Very few of the tutorials you find on Unity start from scratch. Almost everything starts with “Download these great assets and import them into your scene” then you just tweak it. This is fine, I guess, but it’s frustrating when I don’t want to go just buy a bunch of pre-made assets from the Unity store or use the generic stuff that come standard with Unity. I guess I just have to spend the same amount of time learning it as I did learning (what little I know about) THREE.js. Since it’s a slick graphical tool it just continually feels like it shouldn’t be so complicated, but then again making games is an inherently complicated prospect, so I guess I should just adjust my attitude a bit. Sigh.
It really looks like Unity is the way to go. The whole system is just awesome and there are extensive resources show how to do basically anything you could want to do. I don’t know why I feel like I’m choosing the “cheap” path on this because Unity is a professional toolset used by game studios all over the world, but I still sort of do. Of course I don’t ultimately care. I’ve always said I don’t really care about the way the game gets made, just that it gets made and runs in a browser.
This is a pretty monumental shift. I’ve spent very, very much time developing a browser-based world editor and generally doing stuff with THREE.js, but the Unity tools are just too good to pass up. In 5 minutes I made a terrain that’s more expressive that what took me weeks to make with my own tools. Plus I don’t have to worry about exporting and importing assets. Unity natively imports Blender files and the whole thing Just Works™.
It will take me a while to get a Unity-based version of the game up to the point that the THREE.js-base version is now, but it should be time well spent since creating the world will be much, much faster and easier with Unity. I’ll keep posting little updates but things here will be sparse for a few weeks while I basically start over and make some big decisions about how the game will work now.
I really like THREE.js. It’s fast, light, and easy. Well, it’s easy to do easy things with. Unfortunately, the further I get with this project the more concerned I am that I need a more complete set of tools. The thing that has really set me off the last several days is the pipeline, specifically for animated assets, from Blender to THREE.js. One of my primary goals is to have the game run without the need for plugins or other installed software, which is what led me to THREE.js and WebGL in the first place. After doing a small amount of testing it appears that the WebGL exporter in Unity3d is finally fully supported. Running a couple of WebGL demos created with Unity3d on my secondary test computer shows me that the WebGL exporter seems to be pretty efficient because the visual effects in the demos are miles ahead of what I’m going right now with THREE.js and it still has a decent frame rate. Plus some physics and other things are also running in the demos, so it appears to be a viable option. I’m not 100% convinced yet because there are some real concerns with switching toolsets, not the least of which is the learning curve involved, but I’m going to spend some time getting familiar with Unity3d and I’ll make a determination soon about whether it’s time to switch, or double down and try to create some better tools myself based on THREE.js.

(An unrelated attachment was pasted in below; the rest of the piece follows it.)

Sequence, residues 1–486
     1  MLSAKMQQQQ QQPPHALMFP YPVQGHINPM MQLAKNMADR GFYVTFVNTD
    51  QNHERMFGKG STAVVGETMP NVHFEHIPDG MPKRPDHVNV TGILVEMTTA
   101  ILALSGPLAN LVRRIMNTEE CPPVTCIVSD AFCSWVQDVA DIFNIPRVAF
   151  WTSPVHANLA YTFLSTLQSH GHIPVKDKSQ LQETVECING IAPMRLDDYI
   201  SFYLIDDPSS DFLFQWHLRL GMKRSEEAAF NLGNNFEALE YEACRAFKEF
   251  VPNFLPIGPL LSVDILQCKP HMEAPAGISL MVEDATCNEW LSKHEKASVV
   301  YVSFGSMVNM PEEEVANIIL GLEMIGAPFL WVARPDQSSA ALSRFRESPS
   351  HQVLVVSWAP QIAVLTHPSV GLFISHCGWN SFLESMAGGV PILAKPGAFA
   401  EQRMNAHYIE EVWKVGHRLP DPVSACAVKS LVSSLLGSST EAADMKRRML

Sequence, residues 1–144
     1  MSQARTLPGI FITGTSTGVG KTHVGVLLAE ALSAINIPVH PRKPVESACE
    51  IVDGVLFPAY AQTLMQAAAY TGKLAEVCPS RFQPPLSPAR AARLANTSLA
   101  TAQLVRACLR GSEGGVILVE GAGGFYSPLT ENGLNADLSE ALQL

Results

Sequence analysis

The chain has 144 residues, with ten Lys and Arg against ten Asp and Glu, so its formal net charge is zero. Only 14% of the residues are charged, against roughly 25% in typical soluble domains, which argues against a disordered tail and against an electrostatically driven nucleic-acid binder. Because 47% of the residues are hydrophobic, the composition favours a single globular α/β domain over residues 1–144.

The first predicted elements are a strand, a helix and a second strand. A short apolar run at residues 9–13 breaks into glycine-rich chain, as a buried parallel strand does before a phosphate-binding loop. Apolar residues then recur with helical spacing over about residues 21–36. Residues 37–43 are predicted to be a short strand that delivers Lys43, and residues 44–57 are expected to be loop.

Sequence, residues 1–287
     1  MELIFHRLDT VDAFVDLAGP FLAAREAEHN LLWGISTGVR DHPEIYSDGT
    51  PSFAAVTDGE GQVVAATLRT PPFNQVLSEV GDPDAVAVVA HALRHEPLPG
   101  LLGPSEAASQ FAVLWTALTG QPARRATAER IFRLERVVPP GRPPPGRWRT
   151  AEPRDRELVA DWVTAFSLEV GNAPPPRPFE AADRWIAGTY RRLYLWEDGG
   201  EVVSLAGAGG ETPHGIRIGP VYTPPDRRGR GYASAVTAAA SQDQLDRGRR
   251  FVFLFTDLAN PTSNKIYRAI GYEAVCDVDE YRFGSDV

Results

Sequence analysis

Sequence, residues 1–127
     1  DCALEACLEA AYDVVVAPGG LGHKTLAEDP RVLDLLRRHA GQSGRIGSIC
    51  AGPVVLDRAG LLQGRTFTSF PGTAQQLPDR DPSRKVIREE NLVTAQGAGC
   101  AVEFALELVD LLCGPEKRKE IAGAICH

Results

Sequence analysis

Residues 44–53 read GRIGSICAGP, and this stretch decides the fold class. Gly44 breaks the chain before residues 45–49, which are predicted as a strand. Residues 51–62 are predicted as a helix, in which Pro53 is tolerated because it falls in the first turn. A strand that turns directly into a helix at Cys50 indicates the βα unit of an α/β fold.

Lyridia v00004 (2018.06.23) is now live. Here are some new features in this version:
- Improved enemy movement and control. The boars now won’t walk through trees and move around somewhat more naturally.
- Better animations. Admittedly, they’re still bad but when you move it now looks at least a little like the guy is running and there is an idle animation and an attack animation that triggers if you press ‘1’.
That’s a pretty short list but getting animations to work from Blender to THREE.js has been just this side of a nightmare, so hopefully the next steps will be easier.
The alternate Blender glTF exporter seems to be working great. I exported my player character and the actions defined in Blender showed up just fine. After some fiddling I was able to get those animations to play in Lyridia. So I now have an idle animation, a run animation, and an attack animation. The idle animation plays when you’re, um, idle. And the other two are self explanatory as well. Right now the attack is just a sort of punching motion and it’s not very expressive. I think I might give the character a sword and modify the attack action just so that it’s more obvious what’s happening. Once that’s done, I’ll definitely release a new version, so look for that this weekend.
There are definitely big parts of the animation system in THREE.js that I don’t understand at all right now. I tried using the crossFadeTo function but had absolutely no luck getting it to work. Presumably it can be used because there are examples that use it, but I may punt on that issue for now just to keep moving forward with more substantive game features.